As I mentioned here, I also think there’s a value in academic gender studies! I hope the article didn’t come across as saying ‘there shouldn’t be gender studies’, or especially ‘women’s studies’. It’s just saying, as you point out, that this is not the same as History as a study.

  • lysanders_twin

    Boring and bland identity politics. That the author would even ask or purport with any seriousness that history belongs to some identity, regardless of which one, is RIDICULOUS!

    There are men and there are women, there are even hermaphrodites–maybe history belongs to them?

    Feminism is stupid because it purports to assemble a set of qualities and affix it to a group of people and, as we should all agree, people are individuals and not members of some over-arching group that presses upon them and all other members of that group similar qualities.

    There are so many beautiful ways to support the fact that the individual is paramount over their ostensible characteristics. I see no cause to believe that having one set of genitals draws someone into certain beliefs; though, society generally does a good job of alienating the individual and making them social pressures. But alas being influenced by society, too, contradicts any novelty to having been a so-called man or a so-called women and the implications of those statuses. We, humanity, are capable of being influenced by so many things and genitals are the least of it, lest you count how others treat people based on their appearance which is largely how many of these idiotic ideas about gender and sex propagate verification bias to the witless masses.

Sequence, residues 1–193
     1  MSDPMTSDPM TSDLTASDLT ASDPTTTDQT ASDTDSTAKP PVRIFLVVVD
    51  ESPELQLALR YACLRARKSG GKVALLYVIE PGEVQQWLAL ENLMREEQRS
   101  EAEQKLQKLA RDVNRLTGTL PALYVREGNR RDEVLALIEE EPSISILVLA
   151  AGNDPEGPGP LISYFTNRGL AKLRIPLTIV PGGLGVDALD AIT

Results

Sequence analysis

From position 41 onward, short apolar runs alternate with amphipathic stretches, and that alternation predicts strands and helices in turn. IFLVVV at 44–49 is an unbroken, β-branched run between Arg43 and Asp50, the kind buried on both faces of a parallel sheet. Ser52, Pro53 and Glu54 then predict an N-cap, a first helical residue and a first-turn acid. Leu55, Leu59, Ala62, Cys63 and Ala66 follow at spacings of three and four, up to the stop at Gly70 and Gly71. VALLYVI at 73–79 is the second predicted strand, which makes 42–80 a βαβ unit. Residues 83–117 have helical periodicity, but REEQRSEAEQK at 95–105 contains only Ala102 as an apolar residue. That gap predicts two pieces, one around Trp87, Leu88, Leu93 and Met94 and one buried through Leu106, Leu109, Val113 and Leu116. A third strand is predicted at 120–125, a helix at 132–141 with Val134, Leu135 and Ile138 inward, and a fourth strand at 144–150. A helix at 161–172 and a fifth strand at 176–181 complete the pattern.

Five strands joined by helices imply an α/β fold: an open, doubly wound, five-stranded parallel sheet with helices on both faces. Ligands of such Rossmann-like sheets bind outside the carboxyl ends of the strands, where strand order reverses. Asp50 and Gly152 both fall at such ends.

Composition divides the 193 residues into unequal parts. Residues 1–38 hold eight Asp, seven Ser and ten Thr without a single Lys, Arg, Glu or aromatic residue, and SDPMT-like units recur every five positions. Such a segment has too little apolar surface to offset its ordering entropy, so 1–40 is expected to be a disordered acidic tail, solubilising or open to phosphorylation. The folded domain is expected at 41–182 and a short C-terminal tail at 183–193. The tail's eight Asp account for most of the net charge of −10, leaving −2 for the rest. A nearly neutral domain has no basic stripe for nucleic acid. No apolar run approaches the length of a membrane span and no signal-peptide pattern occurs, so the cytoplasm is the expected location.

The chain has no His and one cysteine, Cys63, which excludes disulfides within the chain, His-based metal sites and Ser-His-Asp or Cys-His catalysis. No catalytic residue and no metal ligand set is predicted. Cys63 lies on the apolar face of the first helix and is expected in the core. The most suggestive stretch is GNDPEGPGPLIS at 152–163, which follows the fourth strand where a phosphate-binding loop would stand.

This article? I will say it! Phallogocentrism. Which is to say, you have liberated women from nothing and further instilled them into the phallus of knowledge; the unseen purveyor of masculinity according to Derrida and I would tend to agree. Very sexists indeed.

    • Kasimir Urbanski

      This is some kind of parody post, right? No one says “purport” that often!

      Derrida was a moron. But, like you, he wrote in such a way as to desperately try to put on the impression that he was smarter than he was. He liked to use big words and write with complexity where simplicity would have sufficed (but would have also revealed how empty of content his writing really was).

    • Bordeaux Vixen

      funny, that’s sort of how i feel about your writing kasimir and lysanders’…

    • lysanders_twin